TUCHMAN: Police vigorously defend their investigation.

(on camera): Do you think Dale Tacheny, the monk, the former monk, is a good witness?


TUCHMAN: And did you think Father O'Brien was a good witness?

RODRIGUEZ: Absolutely.

TUCHMAN: Strong witness?


TUCHMAN (voice-over): And remember that slide viewer that even the D.A. acknowledges was bought by John Feit?

GUERRA: That would be one piece of evidence that -- that the person that was connected to the death of Irene Garza was connected to the church. Now, who put it there?

TUCHMAN: The D.A. did not want to go to the grand jury.

GUERRA: From my view, the case was not tryable. But if I -- if I made that decision, I would still be crucified in the press. I would be crucified in the national media.

TUCHMAN: So the case did go to the grand jury, but Guerra decided it wasn't necessary for the former monk or Father O'Brien to testify in person. Instead, police tapes of interviews were played. He also did not call John Feit to testify. As a matter of fact, the D.A. says he has not been interested in talking to Feit about the case at all.

GUERRA: If I make him a target, he's got the right to tell me to go to hell.

TUCHMAN: The grand jury did not indict John Feit, and just over one year later Father O'Brien died.

Irene Garza's family is angry with what they regard as a halfhearted prosecution effort.

DE LA VINA: I still -- I believe fundamentally it's because it's a church issue.

GUERRA: There's not true. That's not true.

TUCHMAN: Police said John Feit said more to us than he has to them.

(on camera): Do you think the monk, Dale Tacheny, lied? Do you think the police are lying when they say you're the main suspect?

FEIT: I think I'm an investigative lead.

TUCHMAN: OK, but can you stop for one second, sir?

FEIT: No, I can't.

TUCHMAN: OK. But do you think Dale Tacheny, the monk, is lying? Did you -- he says you told him you committed the murder.

FEIT: I think he's demented.

TUCHMAN: What about the priest, Father O'Brien. He says you committed the murder, too. He knew you very well, sir.

FEIT: (speaking Latin)

TUCHMAN: What does that mean, sir?

FEIT: Look it up.

TUCHMAN (voice-over): It was Latin, a reference to the late Father O'Brien. Feit said, only speak good of the dead.

They speak good of Feit at the Society of St. Vincent DePaul in Phoenix, where Feit helps the poor, the hungry and the sick. The administrators did not want to go on camera, but in a statement told us, "His many years of tireless service to the neediest in our community are in direct contrast to how he is being portrayed in this story. Our heart and prayers go out to the family and friends of Irene Garza."

(on camera): Mr. Feit, can I ask you, why won't you talk to the police when they come? They said you wouldn't say anything to them.

FEIT: Bald faced lie.

TUCHMAN: Do you think everybody is lying? The police, the Texas Rangers, the former monk, the priest who you worked with for so long? That's a lot of liars. Why do you think there would be such a big conspiracy against you? Sir?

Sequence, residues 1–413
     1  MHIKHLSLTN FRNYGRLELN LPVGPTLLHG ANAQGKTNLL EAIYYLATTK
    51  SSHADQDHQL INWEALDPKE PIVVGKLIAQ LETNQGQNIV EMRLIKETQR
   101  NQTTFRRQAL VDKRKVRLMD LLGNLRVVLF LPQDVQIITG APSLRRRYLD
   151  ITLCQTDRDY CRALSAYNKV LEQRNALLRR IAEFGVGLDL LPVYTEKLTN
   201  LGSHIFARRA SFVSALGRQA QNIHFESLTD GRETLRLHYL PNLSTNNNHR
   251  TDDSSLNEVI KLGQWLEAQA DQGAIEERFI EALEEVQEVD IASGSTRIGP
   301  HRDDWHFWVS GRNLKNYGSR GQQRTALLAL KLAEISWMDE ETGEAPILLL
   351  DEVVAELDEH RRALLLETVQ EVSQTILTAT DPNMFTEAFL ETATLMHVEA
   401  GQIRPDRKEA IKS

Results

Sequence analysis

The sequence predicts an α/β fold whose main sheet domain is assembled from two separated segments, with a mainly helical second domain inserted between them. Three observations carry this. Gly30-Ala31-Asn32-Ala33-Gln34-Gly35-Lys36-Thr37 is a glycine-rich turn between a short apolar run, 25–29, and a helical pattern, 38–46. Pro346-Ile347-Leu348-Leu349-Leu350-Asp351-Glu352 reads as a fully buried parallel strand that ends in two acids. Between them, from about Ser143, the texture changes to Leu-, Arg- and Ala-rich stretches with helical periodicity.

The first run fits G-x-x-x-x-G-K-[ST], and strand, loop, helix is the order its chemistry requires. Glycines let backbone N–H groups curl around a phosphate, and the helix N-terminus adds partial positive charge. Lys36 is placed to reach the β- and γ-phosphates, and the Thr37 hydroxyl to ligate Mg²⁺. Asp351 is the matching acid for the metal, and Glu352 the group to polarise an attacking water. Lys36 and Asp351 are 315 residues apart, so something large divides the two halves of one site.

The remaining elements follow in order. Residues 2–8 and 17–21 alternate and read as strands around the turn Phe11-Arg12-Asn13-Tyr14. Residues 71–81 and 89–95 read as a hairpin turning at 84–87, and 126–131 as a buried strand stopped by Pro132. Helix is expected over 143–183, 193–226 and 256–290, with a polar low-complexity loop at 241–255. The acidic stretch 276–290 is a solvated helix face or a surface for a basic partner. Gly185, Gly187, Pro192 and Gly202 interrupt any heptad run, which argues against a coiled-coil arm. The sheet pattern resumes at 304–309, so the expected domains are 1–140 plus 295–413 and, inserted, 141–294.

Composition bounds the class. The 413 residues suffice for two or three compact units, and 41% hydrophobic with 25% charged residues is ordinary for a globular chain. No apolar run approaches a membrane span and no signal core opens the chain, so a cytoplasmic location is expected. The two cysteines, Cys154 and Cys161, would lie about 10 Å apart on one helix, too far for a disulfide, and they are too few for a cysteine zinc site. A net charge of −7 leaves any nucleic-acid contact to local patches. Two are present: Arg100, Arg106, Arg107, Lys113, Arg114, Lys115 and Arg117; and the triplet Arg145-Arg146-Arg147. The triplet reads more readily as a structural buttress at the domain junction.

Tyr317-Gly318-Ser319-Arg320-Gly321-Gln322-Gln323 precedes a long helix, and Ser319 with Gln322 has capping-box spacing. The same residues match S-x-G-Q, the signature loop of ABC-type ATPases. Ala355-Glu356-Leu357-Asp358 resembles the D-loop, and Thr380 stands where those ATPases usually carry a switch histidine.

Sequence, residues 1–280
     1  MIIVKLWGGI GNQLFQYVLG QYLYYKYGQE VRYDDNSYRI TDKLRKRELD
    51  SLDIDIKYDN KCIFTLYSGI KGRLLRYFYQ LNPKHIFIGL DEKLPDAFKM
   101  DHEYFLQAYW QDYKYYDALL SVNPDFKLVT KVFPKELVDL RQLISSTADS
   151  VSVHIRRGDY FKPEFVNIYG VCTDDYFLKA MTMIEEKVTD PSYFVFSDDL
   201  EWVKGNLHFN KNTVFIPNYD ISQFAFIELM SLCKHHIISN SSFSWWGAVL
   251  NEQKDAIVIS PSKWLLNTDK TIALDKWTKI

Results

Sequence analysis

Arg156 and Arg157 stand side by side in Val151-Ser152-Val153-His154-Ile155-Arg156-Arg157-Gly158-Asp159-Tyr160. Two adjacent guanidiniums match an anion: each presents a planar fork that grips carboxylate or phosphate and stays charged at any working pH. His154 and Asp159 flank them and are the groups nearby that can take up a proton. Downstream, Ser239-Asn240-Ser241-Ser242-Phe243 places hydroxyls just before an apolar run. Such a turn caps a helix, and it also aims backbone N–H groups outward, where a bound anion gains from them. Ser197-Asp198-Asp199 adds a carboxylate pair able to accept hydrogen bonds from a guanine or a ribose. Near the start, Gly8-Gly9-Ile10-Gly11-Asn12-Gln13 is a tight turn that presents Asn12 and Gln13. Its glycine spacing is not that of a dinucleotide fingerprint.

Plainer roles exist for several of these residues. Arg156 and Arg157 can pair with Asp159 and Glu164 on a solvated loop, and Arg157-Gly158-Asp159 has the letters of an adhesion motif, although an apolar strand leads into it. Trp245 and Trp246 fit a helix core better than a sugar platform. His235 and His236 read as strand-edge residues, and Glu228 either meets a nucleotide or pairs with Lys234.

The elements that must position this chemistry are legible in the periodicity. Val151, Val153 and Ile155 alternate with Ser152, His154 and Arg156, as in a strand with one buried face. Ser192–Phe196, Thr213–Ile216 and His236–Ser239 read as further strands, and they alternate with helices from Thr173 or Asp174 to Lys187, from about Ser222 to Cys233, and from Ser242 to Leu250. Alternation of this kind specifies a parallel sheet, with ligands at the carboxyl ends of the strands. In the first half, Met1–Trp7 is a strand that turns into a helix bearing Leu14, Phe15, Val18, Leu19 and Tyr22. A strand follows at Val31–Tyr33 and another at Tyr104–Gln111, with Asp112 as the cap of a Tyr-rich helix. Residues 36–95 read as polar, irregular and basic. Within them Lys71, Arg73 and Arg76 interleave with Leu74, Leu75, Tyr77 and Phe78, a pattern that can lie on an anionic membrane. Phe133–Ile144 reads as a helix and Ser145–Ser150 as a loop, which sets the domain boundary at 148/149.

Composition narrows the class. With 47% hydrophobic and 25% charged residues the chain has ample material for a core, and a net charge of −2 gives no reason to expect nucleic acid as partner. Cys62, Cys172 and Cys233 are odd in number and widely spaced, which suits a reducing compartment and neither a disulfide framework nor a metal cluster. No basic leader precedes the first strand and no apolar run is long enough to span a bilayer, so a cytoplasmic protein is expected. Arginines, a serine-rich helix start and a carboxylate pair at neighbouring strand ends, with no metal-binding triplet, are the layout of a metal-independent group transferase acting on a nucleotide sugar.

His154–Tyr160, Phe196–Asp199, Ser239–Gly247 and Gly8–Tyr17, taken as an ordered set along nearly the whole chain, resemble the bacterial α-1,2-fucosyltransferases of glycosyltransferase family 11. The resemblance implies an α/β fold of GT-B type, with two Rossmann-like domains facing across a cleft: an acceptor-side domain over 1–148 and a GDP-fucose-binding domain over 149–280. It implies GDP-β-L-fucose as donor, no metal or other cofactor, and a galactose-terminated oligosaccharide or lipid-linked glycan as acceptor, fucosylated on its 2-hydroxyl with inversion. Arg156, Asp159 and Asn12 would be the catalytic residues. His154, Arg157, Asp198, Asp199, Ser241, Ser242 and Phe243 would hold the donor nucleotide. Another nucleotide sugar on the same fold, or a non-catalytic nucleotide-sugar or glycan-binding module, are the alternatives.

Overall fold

(voice-over): Feit did not answer that question.

Before we left the district attorney, we asked him if he thinks he'll ever bring a murderer to justice in this case.

GUERRA: I don't believe that this case will be solved unless you have a deathbed confession by a killer.

TUCHMAN: If that killer is John Feit, don't count on any confession coming from him.

(on camera): Sir, this family has suffered for almost five decades. Anything you want to say to them? Anything you want to say to the family, sir?

(voice-over): Because as the years have gone on, John Feit has been fairly masterful at keeping his mouth shut.

Gary Tuchman, CNN, Phoenix.


COOPER: Unbelievable case.

A lot of people weighing in on this story on the blog.

Lydia, in Donna, Texas, writes, "The people of South Texas appreciate your coverage of this "cold case" gone possibly completely dead. I was 14 years old and remember this story vividly. If only we had CSI teams then, as we do today, Mr. Feit would not have gone free."

M.G. in Dunmore, Pennsylvania, has this to say, "Don't let those DAs, churchmen in Texas, get away with hiding the police records of that ex-priest. I am so sick of having guilty clergymen getting away with murder and other felonies. The faithful they preach to deserve better."

And on New Orleans, Mayor Ray Nagin's state of the city speech...

Kathrina, in New Orleans writes, Ray Nagin is full of blank. He talks about the French Quarters and tourism. What about us that need a house and housing? The rent is still $1,200 and we are still getting paid $6.00 an hour. Help the people that want to come back.

As always, if you've got something to say, just head to Weigh in. We appreciate your comments.

Still ahead on the program, at the Vatican, the desperate parents of a missing 4-year-old are granted a rare private visit with the pope. Madeleine disappeared a month ago on a family vacation to Portugal. Her parents say they are not giving up. Tonight, the search goes on.

Plus, a 13-year-old spelling whiz who wants more than almost anything to bag the bee. It is his fifth and final chance. We'll see how he's doing, next on 360.